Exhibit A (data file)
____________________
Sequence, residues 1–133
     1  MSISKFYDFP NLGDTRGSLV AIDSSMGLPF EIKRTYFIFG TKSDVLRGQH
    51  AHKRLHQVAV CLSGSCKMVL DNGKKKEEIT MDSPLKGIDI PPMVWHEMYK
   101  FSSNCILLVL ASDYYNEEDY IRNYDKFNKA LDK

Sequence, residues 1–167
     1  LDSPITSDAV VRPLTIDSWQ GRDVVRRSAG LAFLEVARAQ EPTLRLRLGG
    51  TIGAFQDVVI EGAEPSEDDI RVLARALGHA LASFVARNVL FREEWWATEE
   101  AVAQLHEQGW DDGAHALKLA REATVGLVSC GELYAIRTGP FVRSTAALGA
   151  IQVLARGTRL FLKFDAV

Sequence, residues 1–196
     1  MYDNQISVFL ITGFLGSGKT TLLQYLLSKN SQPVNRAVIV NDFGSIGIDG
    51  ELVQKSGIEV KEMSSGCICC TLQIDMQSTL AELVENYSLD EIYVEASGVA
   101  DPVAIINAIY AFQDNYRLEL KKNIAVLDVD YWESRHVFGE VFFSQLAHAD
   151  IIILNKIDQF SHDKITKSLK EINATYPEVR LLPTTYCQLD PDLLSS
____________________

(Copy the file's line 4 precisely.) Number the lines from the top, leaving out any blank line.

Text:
   101  FSSNCILLVL ASDYYNEEDY IRNYDKFNKA LDK